Bataille provides us with another way to think about fat politics and practice, a way explored in some arenas of fat culture and analyzed by some fat studies thinkers, a way of, in the words of the writer Dorothy Allison, “embracing the scary, embracing being unacceptable.”17 Bataille’s work revolves around a vocabulary of words, ideas, meditative practices, and religious sensibilities that are often used in relation to fat—indeed is the vocabulary that many fat people despise—but that is refigured within his broader mystical and social vision. Excess, dread, monstrosity, filth, disgust, and death are words that saturate his writings in a way that embraces, rather than expels, the kind of personal and social dissolution each connotes. They point to the way in which fat and fatness have become sources of the sacred in American culture: prohibited and therefore powerful, dangerous yet strangely alluring, a source of disgust but also of desire. Bataille’s work can be extremely generative in analyzing fat hatred, understanding practices that seek to expel fat and their necessary limitations, and formulating a fat politics that goes beyond the demand for a legitimized fat subjectivity within our deeply flawed liberal capitalist culture and points us toward possibilities simultaneously greater and humbler. His understanding of excess, and related notions of expenditure, and sacrifice can be used to understand the religiosity that infuses American discourse on fat and dieting, critique the project of weight loss and its dominance in our culture, and fund a fat politics of excess, monstrosity, and generosity.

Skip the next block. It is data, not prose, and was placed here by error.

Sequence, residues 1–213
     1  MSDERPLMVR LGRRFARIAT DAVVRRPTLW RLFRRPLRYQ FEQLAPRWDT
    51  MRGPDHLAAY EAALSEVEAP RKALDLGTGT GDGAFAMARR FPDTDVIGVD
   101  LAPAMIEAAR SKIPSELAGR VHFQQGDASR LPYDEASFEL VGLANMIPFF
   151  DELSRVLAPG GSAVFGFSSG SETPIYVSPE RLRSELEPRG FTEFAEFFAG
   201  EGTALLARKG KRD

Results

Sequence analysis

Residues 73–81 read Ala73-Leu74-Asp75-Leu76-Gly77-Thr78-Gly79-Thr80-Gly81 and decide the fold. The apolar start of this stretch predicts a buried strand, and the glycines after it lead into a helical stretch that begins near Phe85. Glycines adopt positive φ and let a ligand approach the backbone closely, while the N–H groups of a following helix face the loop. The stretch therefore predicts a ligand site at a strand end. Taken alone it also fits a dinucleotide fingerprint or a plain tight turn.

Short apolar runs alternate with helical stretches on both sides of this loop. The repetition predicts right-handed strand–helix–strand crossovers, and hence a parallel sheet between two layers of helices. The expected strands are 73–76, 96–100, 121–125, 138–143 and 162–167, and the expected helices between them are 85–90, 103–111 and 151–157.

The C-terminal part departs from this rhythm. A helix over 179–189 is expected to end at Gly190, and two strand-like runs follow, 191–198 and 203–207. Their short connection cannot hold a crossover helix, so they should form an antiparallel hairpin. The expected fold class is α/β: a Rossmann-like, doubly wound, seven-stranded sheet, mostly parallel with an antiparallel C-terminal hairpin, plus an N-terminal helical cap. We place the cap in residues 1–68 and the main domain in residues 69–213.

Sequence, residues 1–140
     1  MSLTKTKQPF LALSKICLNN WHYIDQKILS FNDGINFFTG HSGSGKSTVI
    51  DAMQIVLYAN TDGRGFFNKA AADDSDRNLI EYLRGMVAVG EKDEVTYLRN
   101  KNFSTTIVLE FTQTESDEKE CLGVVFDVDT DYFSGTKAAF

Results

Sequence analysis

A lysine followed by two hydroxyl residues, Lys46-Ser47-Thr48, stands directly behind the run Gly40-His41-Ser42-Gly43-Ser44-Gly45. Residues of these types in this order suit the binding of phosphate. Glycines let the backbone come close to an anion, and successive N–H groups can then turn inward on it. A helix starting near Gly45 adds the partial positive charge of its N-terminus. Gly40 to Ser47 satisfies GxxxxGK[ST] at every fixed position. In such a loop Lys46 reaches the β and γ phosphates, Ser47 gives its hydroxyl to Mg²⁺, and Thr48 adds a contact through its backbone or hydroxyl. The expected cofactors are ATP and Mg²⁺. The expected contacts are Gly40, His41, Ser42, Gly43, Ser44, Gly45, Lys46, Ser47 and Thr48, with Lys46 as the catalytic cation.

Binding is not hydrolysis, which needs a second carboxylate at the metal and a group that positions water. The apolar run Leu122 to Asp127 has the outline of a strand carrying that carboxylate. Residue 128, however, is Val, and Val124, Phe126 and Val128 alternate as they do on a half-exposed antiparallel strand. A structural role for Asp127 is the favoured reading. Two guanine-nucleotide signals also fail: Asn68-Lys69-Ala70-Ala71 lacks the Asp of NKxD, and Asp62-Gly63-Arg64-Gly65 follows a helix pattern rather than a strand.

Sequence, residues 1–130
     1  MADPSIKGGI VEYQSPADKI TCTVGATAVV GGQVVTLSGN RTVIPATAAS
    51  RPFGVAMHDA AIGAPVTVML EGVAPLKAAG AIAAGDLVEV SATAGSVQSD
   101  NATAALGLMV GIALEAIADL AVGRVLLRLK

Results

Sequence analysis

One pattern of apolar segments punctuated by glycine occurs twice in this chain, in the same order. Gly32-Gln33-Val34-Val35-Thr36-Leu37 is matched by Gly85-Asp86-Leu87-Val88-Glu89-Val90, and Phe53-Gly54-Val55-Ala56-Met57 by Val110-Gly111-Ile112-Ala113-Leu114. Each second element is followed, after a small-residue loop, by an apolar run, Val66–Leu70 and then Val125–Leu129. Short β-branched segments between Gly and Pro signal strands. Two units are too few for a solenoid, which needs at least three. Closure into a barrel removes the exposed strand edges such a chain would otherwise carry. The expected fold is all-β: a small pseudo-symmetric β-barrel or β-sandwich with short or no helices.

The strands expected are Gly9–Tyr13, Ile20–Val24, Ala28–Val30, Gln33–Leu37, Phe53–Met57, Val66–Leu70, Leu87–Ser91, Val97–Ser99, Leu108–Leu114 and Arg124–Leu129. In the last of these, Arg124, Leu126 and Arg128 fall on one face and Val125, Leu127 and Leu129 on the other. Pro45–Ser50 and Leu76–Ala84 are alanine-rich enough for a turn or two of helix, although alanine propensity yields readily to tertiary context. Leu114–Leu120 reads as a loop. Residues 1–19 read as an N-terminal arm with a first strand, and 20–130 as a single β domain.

Bataille’s work is not without its problems in relation to fat, though, and this chapter will discuss those as well. Some of those problems raise questions that are critical for fat politics to explore. Specifically, his discussion—some might say valorization—of death and the kind of religious and human possibilities that come from representational, if not literal, proximity to it has both possibilities and problems related to fat politics. The case of fatness, its hyperassociation with death, and the varying death threats, real and rhetorical, that fat people face as a result highlight how experiences like dread and disgust can be generated not just by the existential contingency of human life but by powerful social forces, social hatreds, and social interests that shape our responses to that contingency. In overlooking the social production and allocation of disgust, Bataille’s work can obscure the disproportionate price paid by those who evoke those experiences as a result of their social designations. His valorization of inner experiences generated by “com[ing] as close as possible to death” becomes problematic in a social context where particular groups, fat people among them, are consigned to carry the dread of death for a culture that prefers to deny it.18 Bataille’s continual return to death and the problems with that return underscore the importance of developing a critical understanding of death as part of fat politics.